Georgetown, Utica-Rome and Fonda Speedways join NASCAR Advance Auto Parts Weekly Series for 2023

A trio of historic dirt tracks in the Northeast will join the NASCAR Advance Auto Parts Weekly Series for the 2023 season.

Delaware‘s Georgetown Speedway and New York‘s Utica-Rome and Fonda Speedways, which are operated by promoter Brett Deyo, are the latest facilities to become NASCAR-sanctioned.

“I‘ve been looking at the option [to sanction with NASCAR] for the past couple of years,” Deyo said. “For Fonda and Utica-Rome, we have the same core racers that run both nights, Friday night at Utica-Rome and Saturday night at Fonda. It gives them an opportunity to run for a state championship, the regional championship and the national championship.

“From the Georgetown perspective, there is more growth here. We have a more ambitious schedule then we‘ve run [recently]. We‘ve been a part-time track since 2016. We‘re still not weekly at Georgetown, but we are racing more than we have in the past.”

Georgetown Speedway, located in Georgetown, Delaware, was constructed in 1949 by businessman Melvin L. Joseph. The track will host races on Thursday and Friday nights this year in addition to special events.

Georgetown Speedway (Photo: Ryan Hill/Georgetown Speedway)
Georgetown Speedway (Photo: Ryan Hill/Georgetown Speedway)

Major events on the 2023 calendar at Georgetown include the 12k for 12k Gary Simpson Memorial (July 21) and the Mid-Atlantic Championship (Oct. 27-28). Georgetown will open its season April 7.

Visit www.thegeorgetownspeedway.com for more information.

Utica-Rome Speedway, located in Vernon, New York, was built in 1961 by Joe Lesik as a quarter-mile asphalt oval before being transformed to a dirt track in 1979. Known as the “Home of Heroes,” Utica-Rome will host weekly racing on Fridays throughout the upcoming season.

Some of auto racing‘s best have won track championships at Utica-Rome. They include Richie Evans, who won four titles during Utica-Rome‘s asphalt era, and current NASCAR Craftsman Truck Series competitor Stewart Friesen, who is a seven-time track champion.

Major events at the half-mile dirt oval in 2023 include the Richie Evans Remembered 61 (July 20) and the New Yorker (Sept. 3). The season-opener at Utica-Rome is scheduled for April 21.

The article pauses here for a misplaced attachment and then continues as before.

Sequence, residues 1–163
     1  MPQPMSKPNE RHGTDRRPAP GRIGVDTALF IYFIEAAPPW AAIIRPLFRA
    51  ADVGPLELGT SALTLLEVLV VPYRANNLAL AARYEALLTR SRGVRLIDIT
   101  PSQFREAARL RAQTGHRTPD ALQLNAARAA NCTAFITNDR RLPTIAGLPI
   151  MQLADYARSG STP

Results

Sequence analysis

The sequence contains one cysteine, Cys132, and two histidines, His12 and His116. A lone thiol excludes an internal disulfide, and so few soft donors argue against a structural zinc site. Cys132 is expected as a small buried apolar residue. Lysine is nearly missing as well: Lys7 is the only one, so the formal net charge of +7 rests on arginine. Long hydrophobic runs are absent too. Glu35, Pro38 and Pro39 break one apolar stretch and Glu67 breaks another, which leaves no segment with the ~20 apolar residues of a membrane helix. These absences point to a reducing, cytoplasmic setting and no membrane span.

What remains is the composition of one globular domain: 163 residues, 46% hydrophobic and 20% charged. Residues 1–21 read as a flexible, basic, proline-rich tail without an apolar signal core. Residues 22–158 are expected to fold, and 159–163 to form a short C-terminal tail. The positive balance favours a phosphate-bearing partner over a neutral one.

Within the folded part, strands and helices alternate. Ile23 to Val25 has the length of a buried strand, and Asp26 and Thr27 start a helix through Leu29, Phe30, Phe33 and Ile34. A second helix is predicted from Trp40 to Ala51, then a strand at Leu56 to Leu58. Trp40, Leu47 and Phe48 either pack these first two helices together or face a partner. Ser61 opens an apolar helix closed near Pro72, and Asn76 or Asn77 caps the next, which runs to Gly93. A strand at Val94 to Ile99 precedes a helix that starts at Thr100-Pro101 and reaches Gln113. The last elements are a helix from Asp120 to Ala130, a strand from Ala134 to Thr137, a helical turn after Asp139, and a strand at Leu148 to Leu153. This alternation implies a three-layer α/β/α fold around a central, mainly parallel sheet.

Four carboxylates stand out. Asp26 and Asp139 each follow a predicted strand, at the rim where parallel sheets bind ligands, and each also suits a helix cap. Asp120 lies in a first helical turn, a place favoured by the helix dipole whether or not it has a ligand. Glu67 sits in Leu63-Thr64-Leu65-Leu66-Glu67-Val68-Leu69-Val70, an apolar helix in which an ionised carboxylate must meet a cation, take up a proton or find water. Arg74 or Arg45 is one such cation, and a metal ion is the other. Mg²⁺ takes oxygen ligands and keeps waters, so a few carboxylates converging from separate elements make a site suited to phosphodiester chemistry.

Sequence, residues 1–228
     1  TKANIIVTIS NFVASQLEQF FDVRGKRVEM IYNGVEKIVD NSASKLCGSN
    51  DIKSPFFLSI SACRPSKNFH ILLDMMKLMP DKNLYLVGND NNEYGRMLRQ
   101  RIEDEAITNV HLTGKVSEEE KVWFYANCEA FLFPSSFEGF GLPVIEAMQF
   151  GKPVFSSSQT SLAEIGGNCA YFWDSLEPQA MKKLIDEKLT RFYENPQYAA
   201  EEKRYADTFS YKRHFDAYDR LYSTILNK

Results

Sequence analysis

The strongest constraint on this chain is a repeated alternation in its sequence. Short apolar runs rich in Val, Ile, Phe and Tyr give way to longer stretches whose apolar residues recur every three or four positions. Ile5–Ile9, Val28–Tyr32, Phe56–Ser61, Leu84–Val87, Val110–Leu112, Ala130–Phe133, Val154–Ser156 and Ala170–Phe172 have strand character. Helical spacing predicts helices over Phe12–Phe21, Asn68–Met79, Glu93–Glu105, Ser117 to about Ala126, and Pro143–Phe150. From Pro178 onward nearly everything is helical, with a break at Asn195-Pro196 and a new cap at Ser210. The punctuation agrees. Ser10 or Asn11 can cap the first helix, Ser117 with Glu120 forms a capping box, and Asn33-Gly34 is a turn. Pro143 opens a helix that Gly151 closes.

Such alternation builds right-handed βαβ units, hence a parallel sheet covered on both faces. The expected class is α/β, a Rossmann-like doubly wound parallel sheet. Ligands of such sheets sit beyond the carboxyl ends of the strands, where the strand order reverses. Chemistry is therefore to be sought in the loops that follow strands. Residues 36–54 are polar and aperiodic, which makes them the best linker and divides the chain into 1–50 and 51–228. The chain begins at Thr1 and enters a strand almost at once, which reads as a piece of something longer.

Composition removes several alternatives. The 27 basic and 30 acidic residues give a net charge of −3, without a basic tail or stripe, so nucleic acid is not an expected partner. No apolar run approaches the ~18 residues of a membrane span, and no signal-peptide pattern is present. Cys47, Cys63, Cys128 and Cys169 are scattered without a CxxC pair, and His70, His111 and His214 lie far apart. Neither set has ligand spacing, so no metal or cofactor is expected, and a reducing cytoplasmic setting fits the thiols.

Visit www.uticaromespeedway.com for more information.

Fonda Speedway, located in Fonda, New York, opened in 1953 and continues to operate today as a half-mile dirt oval. Dubbed “The Track of Champions,” Fonda played host to four NASCAR Cup Series races in the 1950s and 1960s. Those events, known as the Fonda 200, were won by Junior Johnson, David Pearson and Richard Petty. NASCAR last sanctioned Utica-Rome Speedway in 2016.

Utica-Rome Speedway
Utica-Rome Speedway

The track will host weekly racing on Saturdays throughout the summer. Major events include the season-opening Jack Johnson Memorial Montgomery County Open (April 22) as well as the $53,000-to-win Fonda 200 (Sept. 14-16).

Visit www.thefondaspeedway.com for more information.

Modifieds will be the headlining class at the trio of tracks in 2023. Ryan Godown (Georgetown), Matt Sheppard (Utica-Rome) and Matt DeLorenzo (Fonda) are the defending Modified track champions at each venue.

The NASCAR Advance Auto Parts Weekly Series sanctions weekly short tracks across the United States and Canada. Layne Riggs is the defending NASCAR Advance Auto Parts Weekly Series Division I national champion.

For Deyo, giving competitors at his three tracks the chance to earn more money and the chance to race for state, regional and national championships made joining the NASCAR Advance Auto Parts Weekly Series a much easier decision.

“It opens up a whole other earning potential for our racers, and that really got me excited, because we‘re always trying to give them the most opportunities to make money as we can,” Deyo said. “I felt like the NASCAR program gives them that opportunity without having to do anything different than they were already doing.

“It‘s a great opportunity. We pride ourselves on paying well at our tracks. Anytime you can give them an opportunity to race for more money, it‘s a good thing. Not to mention the exposure that comes with it, the honor of being a NASCAR champion. Especially during the 75th season, there is just a lot of hype that goes along with it.”